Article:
Wednesday, June 25, 2008

Rubber Roast

This month I have spent $135 on groceries to feed a family of five, plus three cats and a large dog. I include pet food, cleaners and toiletries in with my grocery money. That's $35 a week to feed everyone, and I've got some big eaters.

I keep the food bills low several ways:

  • I get free cereal and snack foods at CVS and Walmart by use of coupons with sales.

  • I keep my eyes peeled for windfalls like wild fruit or a neighbor's over productive garden.

  • I make leftovers on purpose and use them up.

  • I keep chickens, so I have a source of high quality protein (eggs) for very little expense.

  • I trade my eggs for other food items.

  • I make recipes like Rubber Roast to stretch our food dollars.
I use the term "recipe" very loosely in reference to Rubber Roast. It's more a conceptual menu then a recipe. It expands and contracts easily to fill in a week. This elasticity is why I call it Rubber Roast. Besides, it just sounds funny.

Here's how you do it. First, purchase a low cost pork roast. I try to purchase my meat for less then $1 a pound. My last roast cost $1.13 per pound.

Day One: Fried Pork Steaks, Boiled Potatoes and Salad

  1. Prepare the roast for surgery, and cut thin slices off one end. I have five people in my family, so I made five slices.

  2. I boiled up ten large potatoes and put the rest of the roast in a large pot of water with a little soy sauce and as many carrots, onions, tomatoes and other veggies as would fit in the pot with the water and roast.

  3. I fried up my pork steaks and served meat, potatoes and salad.

  4. Leftover potatoes and pork roast went in the fridge for tomorrow.

Day Two: Chopped Pork and Veggies Over Cheesy Potatoes

  1. Pulled out boiled roast still in its pot and heated it up.

  2. Chopped up remaining potatoes with butter and cheese and microwaved them. I use a pastry cutter and a bowl to make it quick and easy.

  3. Spoon out some meat and veggies with a slotted spoon to keep liquids in pot.

  4. Add grains to remaining liquid and continue to heat. There will still be plenty of veggies and meat bits left in the pot. Remove bone and save.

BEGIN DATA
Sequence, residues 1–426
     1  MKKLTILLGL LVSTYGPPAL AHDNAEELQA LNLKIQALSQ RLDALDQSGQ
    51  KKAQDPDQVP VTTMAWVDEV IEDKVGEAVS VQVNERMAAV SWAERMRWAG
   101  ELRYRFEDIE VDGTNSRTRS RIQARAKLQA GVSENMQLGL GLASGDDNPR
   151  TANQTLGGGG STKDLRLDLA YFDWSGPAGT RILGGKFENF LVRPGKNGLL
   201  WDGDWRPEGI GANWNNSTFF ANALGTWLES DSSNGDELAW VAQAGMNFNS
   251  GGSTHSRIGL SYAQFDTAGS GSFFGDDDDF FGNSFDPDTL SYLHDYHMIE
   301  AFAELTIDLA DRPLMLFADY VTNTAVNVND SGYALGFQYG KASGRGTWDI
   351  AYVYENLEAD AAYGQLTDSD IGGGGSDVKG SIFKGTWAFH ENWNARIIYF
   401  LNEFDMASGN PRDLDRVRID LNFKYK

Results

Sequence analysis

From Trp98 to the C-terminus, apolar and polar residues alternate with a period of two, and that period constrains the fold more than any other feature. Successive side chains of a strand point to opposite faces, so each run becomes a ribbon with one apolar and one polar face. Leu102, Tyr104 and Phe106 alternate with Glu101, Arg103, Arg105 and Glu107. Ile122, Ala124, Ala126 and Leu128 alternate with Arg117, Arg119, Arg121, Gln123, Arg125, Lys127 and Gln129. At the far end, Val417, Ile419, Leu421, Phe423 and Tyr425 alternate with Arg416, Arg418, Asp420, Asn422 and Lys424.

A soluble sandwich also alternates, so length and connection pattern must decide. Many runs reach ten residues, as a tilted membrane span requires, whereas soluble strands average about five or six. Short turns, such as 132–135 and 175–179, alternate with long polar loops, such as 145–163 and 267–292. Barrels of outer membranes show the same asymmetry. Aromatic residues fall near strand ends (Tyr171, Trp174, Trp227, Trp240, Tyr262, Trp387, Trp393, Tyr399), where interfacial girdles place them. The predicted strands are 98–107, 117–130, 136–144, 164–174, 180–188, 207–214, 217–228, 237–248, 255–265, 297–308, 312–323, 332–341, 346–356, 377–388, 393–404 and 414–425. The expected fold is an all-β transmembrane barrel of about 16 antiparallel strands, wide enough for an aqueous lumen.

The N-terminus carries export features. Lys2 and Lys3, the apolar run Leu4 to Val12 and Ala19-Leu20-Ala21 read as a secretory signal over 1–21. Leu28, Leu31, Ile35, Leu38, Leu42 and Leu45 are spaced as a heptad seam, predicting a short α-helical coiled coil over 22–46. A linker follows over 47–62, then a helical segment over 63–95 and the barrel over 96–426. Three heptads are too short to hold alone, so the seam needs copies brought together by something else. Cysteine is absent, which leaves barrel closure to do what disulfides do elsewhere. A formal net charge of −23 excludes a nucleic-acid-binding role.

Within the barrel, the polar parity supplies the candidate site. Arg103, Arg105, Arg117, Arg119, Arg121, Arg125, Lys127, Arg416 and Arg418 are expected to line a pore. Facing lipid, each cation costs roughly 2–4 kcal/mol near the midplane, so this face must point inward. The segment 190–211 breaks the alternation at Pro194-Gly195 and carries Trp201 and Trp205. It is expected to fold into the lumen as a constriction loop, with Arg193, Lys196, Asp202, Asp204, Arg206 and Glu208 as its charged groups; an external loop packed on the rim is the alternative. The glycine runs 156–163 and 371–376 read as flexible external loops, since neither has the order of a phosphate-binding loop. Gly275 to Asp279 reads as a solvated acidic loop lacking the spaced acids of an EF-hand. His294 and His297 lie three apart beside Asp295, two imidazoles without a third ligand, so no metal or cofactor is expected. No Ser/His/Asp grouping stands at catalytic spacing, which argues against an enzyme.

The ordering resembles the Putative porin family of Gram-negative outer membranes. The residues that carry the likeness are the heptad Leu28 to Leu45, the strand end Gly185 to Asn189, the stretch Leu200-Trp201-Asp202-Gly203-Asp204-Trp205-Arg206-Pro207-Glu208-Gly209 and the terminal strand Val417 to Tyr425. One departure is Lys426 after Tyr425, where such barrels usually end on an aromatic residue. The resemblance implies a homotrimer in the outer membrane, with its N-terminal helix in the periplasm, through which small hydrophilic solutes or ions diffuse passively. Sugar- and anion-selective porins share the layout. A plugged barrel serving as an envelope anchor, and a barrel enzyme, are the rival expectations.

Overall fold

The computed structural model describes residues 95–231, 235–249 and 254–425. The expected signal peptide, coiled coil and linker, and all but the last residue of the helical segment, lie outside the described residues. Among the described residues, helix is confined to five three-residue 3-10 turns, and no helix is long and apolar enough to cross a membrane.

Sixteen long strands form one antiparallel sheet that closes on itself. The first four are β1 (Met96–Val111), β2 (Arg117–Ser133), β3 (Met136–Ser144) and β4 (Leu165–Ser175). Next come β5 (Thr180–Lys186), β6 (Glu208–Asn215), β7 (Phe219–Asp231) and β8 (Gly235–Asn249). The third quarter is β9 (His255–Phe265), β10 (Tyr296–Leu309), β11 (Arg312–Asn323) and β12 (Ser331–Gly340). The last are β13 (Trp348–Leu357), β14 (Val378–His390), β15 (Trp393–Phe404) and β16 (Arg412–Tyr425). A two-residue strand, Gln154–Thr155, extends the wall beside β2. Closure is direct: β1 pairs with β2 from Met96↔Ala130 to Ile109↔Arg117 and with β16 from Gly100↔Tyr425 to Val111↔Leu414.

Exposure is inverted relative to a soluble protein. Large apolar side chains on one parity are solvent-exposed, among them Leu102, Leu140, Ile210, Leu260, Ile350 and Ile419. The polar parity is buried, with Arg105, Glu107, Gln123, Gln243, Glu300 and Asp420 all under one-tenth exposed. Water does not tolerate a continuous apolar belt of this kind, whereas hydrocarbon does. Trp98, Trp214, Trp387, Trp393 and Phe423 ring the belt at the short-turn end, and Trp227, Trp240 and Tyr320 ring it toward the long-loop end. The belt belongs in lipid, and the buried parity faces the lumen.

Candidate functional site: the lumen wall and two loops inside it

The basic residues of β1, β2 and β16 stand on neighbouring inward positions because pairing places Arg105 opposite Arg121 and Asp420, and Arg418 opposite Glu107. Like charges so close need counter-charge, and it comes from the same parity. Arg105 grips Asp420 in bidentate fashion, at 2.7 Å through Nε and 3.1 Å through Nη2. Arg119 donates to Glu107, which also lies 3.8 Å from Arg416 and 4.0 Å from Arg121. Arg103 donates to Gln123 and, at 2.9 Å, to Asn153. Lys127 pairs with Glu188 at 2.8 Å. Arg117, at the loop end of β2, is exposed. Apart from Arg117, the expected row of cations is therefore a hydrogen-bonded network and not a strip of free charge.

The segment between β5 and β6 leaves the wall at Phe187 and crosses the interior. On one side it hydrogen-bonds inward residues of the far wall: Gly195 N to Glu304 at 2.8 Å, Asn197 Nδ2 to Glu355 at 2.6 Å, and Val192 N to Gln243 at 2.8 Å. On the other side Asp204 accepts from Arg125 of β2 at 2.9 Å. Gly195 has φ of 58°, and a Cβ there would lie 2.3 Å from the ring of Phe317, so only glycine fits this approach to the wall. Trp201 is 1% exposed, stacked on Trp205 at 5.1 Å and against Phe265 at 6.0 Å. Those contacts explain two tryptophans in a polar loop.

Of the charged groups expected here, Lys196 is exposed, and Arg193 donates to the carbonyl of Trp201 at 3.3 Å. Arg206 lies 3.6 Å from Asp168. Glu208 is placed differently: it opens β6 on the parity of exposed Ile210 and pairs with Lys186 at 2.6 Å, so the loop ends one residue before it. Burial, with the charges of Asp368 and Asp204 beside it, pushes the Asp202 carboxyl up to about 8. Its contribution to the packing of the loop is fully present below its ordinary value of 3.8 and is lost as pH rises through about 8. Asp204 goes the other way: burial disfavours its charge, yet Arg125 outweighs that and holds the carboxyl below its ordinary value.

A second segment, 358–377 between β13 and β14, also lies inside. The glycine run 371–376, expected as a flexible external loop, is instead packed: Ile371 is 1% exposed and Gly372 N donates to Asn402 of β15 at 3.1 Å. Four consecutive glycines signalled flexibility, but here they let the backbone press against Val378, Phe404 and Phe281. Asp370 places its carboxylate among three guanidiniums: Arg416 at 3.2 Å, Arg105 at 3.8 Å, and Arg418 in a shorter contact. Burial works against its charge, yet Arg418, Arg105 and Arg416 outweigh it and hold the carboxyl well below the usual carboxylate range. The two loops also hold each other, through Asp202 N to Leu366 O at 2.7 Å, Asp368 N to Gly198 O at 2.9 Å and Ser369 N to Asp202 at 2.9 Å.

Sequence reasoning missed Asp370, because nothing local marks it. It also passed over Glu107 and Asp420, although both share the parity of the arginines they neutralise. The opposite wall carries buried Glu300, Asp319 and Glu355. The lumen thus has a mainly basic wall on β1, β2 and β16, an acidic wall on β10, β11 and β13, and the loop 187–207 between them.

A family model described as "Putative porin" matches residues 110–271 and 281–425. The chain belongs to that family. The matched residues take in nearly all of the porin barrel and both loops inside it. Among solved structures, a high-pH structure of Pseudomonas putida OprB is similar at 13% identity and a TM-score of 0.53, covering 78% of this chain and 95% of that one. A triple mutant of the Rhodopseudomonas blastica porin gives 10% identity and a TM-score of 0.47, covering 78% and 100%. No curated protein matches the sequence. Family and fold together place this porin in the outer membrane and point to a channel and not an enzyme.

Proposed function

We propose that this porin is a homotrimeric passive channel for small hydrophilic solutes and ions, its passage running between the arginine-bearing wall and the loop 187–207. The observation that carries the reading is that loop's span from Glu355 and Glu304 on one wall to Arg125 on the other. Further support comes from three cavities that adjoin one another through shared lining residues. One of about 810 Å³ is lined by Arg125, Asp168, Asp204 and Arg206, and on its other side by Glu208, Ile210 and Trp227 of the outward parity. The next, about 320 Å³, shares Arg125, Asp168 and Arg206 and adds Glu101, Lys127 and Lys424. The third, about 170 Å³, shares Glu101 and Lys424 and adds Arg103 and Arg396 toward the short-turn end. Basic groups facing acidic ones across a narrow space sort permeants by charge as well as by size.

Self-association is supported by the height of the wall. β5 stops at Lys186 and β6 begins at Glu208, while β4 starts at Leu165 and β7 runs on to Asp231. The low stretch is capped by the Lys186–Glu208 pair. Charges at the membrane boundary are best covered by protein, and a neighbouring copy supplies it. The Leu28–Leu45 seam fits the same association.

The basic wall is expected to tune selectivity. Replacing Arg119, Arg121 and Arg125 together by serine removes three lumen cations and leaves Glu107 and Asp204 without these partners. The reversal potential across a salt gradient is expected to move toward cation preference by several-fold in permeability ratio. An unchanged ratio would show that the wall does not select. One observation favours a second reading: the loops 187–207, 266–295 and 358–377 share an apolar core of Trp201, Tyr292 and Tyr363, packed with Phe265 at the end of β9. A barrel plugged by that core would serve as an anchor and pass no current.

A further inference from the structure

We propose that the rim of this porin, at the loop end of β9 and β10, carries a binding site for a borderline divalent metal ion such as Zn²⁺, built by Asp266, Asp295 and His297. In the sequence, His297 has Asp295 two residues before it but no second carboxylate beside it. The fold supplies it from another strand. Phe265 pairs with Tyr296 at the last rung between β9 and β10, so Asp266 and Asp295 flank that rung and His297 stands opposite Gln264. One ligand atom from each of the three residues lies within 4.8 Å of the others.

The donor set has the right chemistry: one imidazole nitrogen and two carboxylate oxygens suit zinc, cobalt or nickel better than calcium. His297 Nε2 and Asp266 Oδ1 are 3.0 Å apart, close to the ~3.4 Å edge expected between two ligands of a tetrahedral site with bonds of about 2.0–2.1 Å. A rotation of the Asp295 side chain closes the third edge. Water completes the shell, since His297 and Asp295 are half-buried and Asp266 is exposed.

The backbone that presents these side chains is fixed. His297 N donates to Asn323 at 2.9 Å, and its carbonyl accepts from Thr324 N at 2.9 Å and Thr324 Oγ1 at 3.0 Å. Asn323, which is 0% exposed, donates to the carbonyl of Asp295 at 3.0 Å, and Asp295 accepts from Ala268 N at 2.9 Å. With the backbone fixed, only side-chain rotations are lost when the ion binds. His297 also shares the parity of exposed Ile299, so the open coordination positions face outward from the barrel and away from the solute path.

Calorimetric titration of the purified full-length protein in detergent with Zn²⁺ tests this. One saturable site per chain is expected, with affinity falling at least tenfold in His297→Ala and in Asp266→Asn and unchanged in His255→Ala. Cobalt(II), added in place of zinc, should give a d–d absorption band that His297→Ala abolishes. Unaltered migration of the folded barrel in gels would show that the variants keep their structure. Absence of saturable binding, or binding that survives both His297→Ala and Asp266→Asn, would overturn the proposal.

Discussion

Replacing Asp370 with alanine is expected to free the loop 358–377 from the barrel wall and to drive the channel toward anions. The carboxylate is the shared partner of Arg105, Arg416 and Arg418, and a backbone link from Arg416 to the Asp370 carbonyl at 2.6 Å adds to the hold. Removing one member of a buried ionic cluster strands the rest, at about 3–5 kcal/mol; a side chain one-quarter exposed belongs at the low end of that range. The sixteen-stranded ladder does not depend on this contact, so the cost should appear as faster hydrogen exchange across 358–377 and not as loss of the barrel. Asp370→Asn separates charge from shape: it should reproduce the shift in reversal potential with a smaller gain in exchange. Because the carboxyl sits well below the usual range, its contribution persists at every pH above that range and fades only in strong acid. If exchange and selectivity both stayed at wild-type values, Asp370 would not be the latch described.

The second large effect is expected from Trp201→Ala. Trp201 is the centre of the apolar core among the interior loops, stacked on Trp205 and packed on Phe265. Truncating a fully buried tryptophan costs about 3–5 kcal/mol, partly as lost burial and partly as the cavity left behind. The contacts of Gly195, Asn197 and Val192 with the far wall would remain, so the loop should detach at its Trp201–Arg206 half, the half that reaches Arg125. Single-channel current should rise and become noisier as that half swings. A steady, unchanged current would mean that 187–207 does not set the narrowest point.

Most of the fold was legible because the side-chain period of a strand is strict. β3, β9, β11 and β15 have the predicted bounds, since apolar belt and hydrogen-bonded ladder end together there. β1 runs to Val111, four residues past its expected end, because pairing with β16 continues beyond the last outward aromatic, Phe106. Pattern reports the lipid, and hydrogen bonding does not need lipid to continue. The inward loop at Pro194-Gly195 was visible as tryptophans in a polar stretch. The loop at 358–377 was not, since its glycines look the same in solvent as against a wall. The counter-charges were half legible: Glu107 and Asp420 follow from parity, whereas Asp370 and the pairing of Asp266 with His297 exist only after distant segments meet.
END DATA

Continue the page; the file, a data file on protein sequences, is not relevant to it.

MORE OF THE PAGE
5. Serve meat and veggies together with cheesy chopped potatoes and salad.

Day Three: Vegetable Pork Soup with Fresh Cuban Bread and Salad

  1. Take the soup out of the fridge and start heating it up. Add water if it needs it and any spices to taste.

  2. Make easy Cuban Bread from Amy Dacyczyn's Tightwad Gazette.

  3. Serve soup, salad and fresh bread.

  4. Reserve about 4 cups of soup, watered down as needed.

  5. Soak dried beans - enough for another meal.

Day Four: Pork Fried Rice and Veggies

  1. Make rice, using the remaining soup, veggies and meat instead of water. Try to make enough to have a little extra.

  2. In a skillet saute chopped carrots, green beans, onions, celery and whatever you have on hand. Add soy sauce when they have softened.

  3. When rice is done, add to skillet and mix everything.

  4. Start your beans boiling with your pork bone.

  5. Put leftover rice and veggies in fridge.

Day Five: Pork & Beans With Cornbread

  1. Start heating up your beans from yesterday. Remove pork bone at this point and discard it (or give it to your large dog).

  2. Make your cornbread.

  3. When your beans are hot, add rice and veggies from yesterday. Rice and beans make a complete protein and are delicious and satisfying together.

  4. Leftovers from this meal go into the fridge for their final act.

Day Six: Quesadillas and Salad

  1. Spoon beans, meat and veggies from container and microwave.

  2. Chop lettuce, tomatoes, olives and anything else you like in a Mexican salad.

  3. Lay a tortilla in a hot pan, add beans and cheese and top with another tortilla.

  4. Serve with salad.

And you're done. You've just saved money by stretching that roast out over nearly a week. You've also saved a lot of cooking time since after the first day everything is practically instant. You probably haven't eaten out much either, saving more money.

Next week I'll be pulling out my crock pot and seeing if I can stretch a chicken for a week. I think I'll call it Everlasting Chicken;)


Anonymous said...

Although stretching food for a week sounds like a great idea I'm a bit concerned about keeping food that long. How long should cooked meat be kept in the fridge before it's full of bacteria and not safe to eat? From what I can find the average time is 4 days. So, my question is how do you make your meats last so long without making everyone sick?

TieDyeKris said...

I am going to hve to try the rubber roast or something like it! I can't believe we spent 500.00 on groceries last week, and still it looks like I will have to make another shopping trip this week to fill in the holes!

BuzzKill said...

How well does this roast bounce? Does it compete with those little rubber bouncy balls or does it require additional equipment in order to make it feel like it's going to take an eye out? I'd like pie with it. Lots of pie.

Precious said...

You have some great ideas! I assume that you freeze some of the meat for later meals, so I doubt that you would have to worry about how long you keep it. Is that rib roast in the picture part of your budget?

karen said...

This hasn't been updated in a really long time. Is everything okay, or is this blog just kaput?